Magazine article The New American

Judge Napolitano's Dred Scott's Revenge: Notable Conservative Judge Andrew Napolitano's New Book Covers the History of Racism in America, and the Effects of U.S. Law on the Same

Magazine article The New American

Judge Napolitano's Dred Scott's Revenge: Notable Conservative Judge Andrew Napolitano's New Book Covers the History of Racism in America, and the Effects of U.S. Law on the Same

Article excerpt

Dred Scott's Revenge: A Legal History of Race and Freedom in America, by Judge Andrew P. Napolitano, Nashville, Tennessee: Thomas Nelson, Inc., 2009, 253 pages, $25.99.

Judge Andrew P. Napolitano is the host of the Fox News online show Freedom Watch (which might soon be televised) and also is a co-host of the Fox News Radio show Brian and the Judge. Napolitano has a diverse group of followers made up of traditional conservatives, libertarians, and constitutionalists. Even though Napolitano has been working as a legal analyst for Fox News since 1998, he hasn't been afraid to challenge the establishment status quo. He has articulately and passionately criticized practically all of the unconstitutional innovations of the "War on Terror," which have been embraced by the "conservative" mainstream media. His principled positions have drawn the ire of members of the establishment fight but earned him the admiration and respect of his faithful fans.

Napolitano is also a best-selling author of four books--Constitutional Chaos, Constitution in Exile, A Nation of Sheep, and Dred Scott's Revenge--that expose the unconstitutionality of our present government. The latter, the subject of this review, is subtitled "A Legal History of Race and Freedom in America." It not only continues his constitutional theme but also explores the very difficult issue of race-based discrimination and demonstrates once again that Napolitano is not afraid to challenge the establishment consensus by taking on a volatile subject.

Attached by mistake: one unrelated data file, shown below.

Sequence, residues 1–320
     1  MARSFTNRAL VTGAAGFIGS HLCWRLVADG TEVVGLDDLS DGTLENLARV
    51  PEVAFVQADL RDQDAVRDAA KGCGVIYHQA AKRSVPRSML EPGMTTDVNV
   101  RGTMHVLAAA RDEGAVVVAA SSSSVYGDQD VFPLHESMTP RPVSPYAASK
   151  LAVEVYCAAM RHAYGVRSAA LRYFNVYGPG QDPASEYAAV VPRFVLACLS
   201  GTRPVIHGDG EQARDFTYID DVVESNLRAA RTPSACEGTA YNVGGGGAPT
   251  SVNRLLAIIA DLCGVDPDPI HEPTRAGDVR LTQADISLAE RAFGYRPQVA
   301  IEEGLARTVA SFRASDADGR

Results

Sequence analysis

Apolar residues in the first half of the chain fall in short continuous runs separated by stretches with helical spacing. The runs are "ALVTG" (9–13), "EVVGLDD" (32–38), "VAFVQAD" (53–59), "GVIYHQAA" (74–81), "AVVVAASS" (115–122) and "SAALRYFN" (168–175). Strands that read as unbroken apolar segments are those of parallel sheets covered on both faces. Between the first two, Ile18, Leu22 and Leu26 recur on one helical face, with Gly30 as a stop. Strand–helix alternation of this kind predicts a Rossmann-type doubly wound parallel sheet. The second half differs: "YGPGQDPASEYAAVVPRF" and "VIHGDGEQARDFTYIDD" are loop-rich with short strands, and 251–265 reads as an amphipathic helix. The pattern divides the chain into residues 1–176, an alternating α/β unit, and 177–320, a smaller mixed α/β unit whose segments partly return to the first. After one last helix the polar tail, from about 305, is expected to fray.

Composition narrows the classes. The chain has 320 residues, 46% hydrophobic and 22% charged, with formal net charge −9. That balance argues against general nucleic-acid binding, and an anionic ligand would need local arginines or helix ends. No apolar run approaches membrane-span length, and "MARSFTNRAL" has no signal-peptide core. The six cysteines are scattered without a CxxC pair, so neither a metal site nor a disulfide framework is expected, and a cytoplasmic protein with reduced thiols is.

Napolitano, a former Superior Court judge in New Jersey, proudly proclaims his personal devotion to the concept of natural law. "Natural law teaches that our rights come from our humanity. Since we are created by God in His image and likeness, and since He is perfectly free ... freedom is our birthright. Thus, the natural law informs that freedom comes from our humanity, not from any outside source, like, for example, the government." Napolitano distinguishes this from positive law that "teaches that the law is whatever the lawgiver says it is, providing it is written down."

It is Napolitano's strong adherence to his understanding of natural law that prompts him, in this book, to embrace judicial activism over judicial restraint in cases where the law in question conflicts with his personal belief: "Is it the role of the courts to sidestep the positive law of the land when natural law is violated? My own view, shared by some giants throughout history (and rejected by others) is an unequivocal: YES." Because of this stance, Napolitano openly praises federal actions that he acknowledges are unconstitutional by constitutionalist standards, such as the Civil Rights Act of 1965 and the Supreme Court decision Brown v. Board of Education.

Notwithstanding Natural Law

He begins the book by pointing out the abuses of natural law that are embedded in the Constitution and by exploring the conception of slavery in this nation, its growth, and all the surrounding political implications. Napolitano delves into what he characterizes as the Constitutional Convention's greatest failures: the Three-Fifths Compromise (Article I, Section 2, Clause 3, which controls the apportionment of representatives allowing for slaves to be counted as three-fifths a person, giving slave-holding states more political power), the Fugitive Slave Clause (Article IV, Section 2, Clause 3, which authorized the return of runaway slaves), and the Importation Clause (Article I, Section 9, Clause 1, which extended the importation of slaves into the United States until 1808). The aforementioned clauses, when taken together, "provided the federal justification necessary to perpetuate slavery and government-sponsored racism in its most extreme incarnation," he writes. Even with this though, Napolitano argues that the Founders didn't really have the option to take a strong stance against slavery because it would have made ratification impossible. …

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